A milestone in Northern Ireland football was reached this week when Lisburn Distillery striker Glenn Ferguson scored against Ballinamallard United to become the second highest marksman in the history of the local game.
His total reached 562 goals — one more than the legendary Joe Bambrick.
“Head, heel or toe, slip it to Joe,”words which are part of Ulster football folklore, with everyone instantly knowing they referred to Bambrick, the supreme predator of them all.
Bambrick, or to give him his full name, Joseph Gardiner Absolon Bambrick (the birth certificate said James) was quiet-spoken, introverted in many ways. Yet, he stamped his authority and professionalism in all his matches.
When he raced onto the field, you could hear fathers saying to sons: “That’s Bambrick.”
Adulation followed him everywhere, even in his declining years and since his death in Belfast on October 13, 1983 at the age of 77, his legacy remains.
One of my regrets was not seeing him play at the height of his career and I caught him only in glimpses when he played in selected teams at the end of the Second World War along with many players whose careers had been fragmented by hostilities.
He scored amazing goals from the moment he started kicking a ball with local junior teams. Then he joined Glentoran in 1926, making 22 appearances for them and hitting 28 goals.
He was not broad-shouldered or heavy in physique like so many of the greats of his day, Dixie Dean, Tommy Lawton, Jimmy McGrory, but he was perfectly balanced with a superb positional sense for a target man.
It was in the 1929 season that he established a record of 94 goals, made up like this: Irish League 50, City Cup 10, Charity Cup 9, Irish Cup 7, International 6, Inter-League 5, Co Antrim Shield 5, City Cup 1, Condor Cup 1.
That record, however, stood for only 12 months for Glentoran’s striker Fred Roberts, his arch-rival, reached a total of 96 — a record which may never be surpassed.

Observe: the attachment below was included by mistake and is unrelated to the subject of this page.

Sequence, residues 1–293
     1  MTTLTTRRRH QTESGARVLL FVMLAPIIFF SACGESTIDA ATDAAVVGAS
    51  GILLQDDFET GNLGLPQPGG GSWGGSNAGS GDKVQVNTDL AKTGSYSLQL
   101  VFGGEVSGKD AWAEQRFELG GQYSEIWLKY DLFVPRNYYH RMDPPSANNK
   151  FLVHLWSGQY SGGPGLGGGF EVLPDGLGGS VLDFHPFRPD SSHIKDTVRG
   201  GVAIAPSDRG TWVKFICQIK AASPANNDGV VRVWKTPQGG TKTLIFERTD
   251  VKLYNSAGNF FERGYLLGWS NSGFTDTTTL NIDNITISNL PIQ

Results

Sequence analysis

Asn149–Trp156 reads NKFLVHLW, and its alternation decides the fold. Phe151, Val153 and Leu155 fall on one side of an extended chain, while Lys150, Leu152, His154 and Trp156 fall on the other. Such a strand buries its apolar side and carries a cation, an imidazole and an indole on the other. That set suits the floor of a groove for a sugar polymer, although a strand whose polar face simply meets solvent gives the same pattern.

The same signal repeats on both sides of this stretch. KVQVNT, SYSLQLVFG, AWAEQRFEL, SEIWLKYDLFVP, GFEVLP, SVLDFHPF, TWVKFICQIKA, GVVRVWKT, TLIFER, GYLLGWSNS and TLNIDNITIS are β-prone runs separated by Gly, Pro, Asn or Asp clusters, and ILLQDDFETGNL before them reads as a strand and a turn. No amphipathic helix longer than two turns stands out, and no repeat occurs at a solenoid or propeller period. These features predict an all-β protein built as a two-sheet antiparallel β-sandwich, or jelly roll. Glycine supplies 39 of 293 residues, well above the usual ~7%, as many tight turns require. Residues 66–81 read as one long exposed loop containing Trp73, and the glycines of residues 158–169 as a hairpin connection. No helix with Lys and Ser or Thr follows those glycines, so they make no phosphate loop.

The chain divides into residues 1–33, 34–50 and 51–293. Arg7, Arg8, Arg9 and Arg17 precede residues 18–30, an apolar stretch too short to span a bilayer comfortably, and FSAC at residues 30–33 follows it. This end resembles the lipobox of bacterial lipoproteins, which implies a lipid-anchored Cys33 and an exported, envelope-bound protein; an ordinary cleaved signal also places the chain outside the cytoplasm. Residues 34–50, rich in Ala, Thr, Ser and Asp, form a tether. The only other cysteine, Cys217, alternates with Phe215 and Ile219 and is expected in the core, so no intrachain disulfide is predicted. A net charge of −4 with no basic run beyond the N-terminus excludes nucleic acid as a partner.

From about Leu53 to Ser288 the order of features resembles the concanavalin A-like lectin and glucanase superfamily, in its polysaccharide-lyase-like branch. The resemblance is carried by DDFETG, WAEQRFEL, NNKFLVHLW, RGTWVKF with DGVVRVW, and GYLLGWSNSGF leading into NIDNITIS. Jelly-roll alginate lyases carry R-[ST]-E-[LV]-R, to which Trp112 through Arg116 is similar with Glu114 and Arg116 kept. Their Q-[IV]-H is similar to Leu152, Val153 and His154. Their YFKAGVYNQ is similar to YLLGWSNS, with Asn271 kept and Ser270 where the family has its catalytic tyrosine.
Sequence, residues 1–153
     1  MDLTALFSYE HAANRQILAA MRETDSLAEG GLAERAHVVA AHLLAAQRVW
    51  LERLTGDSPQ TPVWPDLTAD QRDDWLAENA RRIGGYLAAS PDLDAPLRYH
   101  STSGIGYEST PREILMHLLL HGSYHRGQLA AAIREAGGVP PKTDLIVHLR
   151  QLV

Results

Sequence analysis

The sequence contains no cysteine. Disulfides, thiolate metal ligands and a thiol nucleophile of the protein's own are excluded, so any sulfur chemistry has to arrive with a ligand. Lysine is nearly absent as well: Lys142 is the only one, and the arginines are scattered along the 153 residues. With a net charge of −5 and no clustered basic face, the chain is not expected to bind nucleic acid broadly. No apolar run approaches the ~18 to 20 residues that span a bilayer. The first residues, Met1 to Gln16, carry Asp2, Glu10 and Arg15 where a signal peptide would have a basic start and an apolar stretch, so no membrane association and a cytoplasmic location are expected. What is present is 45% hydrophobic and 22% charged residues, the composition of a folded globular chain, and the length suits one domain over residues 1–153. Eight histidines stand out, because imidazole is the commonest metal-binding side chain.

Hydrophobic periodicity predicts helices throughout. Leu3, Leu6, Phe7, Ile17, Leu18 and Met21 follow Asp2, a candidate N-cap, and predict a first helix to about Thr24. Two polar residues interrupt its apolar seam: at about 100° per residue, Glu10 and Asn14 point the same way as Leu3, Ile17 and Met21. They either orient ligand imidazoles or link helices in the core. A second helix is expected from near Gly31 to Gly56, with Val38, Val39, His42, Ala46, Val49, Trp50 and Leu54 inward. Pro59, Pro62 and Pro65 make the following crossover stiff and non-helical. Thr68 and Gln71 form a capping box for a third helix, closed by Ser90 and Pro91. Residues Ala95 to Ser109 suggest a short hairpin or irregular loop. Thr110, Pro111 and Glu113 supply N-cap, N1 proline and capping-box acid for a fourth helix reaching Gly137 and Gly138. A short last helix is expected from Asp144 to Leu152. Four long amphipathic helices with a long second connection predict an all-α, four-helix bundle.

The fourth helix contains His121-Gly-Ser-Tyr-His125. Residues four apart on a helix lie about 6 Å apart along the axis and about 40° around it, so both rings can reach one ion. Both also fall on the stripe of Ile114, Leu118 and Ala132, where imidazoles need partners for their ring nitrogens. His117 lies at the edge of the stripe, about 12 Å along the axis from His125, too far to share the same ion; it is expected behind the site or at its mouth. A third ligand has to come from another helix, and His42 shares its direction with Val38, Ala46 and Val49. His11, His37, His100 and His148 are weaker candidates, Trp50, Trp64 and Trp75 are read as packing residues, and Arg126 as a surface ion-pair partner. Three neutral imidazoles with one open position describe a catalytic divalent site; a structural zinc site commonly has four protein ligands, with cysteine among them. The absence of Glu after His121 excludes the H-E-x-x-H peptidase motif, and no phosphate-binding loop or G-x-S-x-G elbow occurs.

Bambrick, who was brought up in Roden Street, spent eight years with Linfield before a lucrative transfer to Chelsea where he was twice leading scorer in the years between 1935-38. Finally, he moved to Walsall during the 1938-39 season and when war broke out, returned to Belfast.
Unfortunately, no accurate records of his goals, apart from those in Irish and English senior football, can be traced, but some sources suggest that the figure could be around 900. He was the predator supreme.
Bambrick, who never married, collected 11 Northern Ireland international caps and was the six goal hero in Ireland’s 7-0 win over Wales at Celtic Park, Belfast on Saturday, February 1, 1930, which still remains a record score for a British Isles player in an international fixture.
On the 50th anniversary of that astonishing feat, I visited Celtic Park with Bambrick and Tommy Dickson, the Duke of Windsor.
The stands had become somewhat dilapidated, the greyhound track remained, the pitch was a mass of grass and weeds and all around the theatre of dreams looked a sad sight. In 1983 it was eventually sold to a property developer for a shopping centre which now stands at the end of the M1 motorway on the Donegall Road.
Bambrick, notorious for his economy of words, related many stories that day. He could recall all the goals and at the end he scored them.
He was filled with emotion, commenting: “I expect Elisha Scott (the Celtic goalkeeper and manager) to rise any moment from that ground — a fabulous character and no better goalkeeper. Yes, he was one of the greats.”
Bambrick was a cult figure in Irish football — a Linfield immortal who holds a special place in the hearts of all Bluemen and women who, later this year, celebrate the 125th anniversary of the club, founded in a Belfast linen mill — a club which was to become an institution.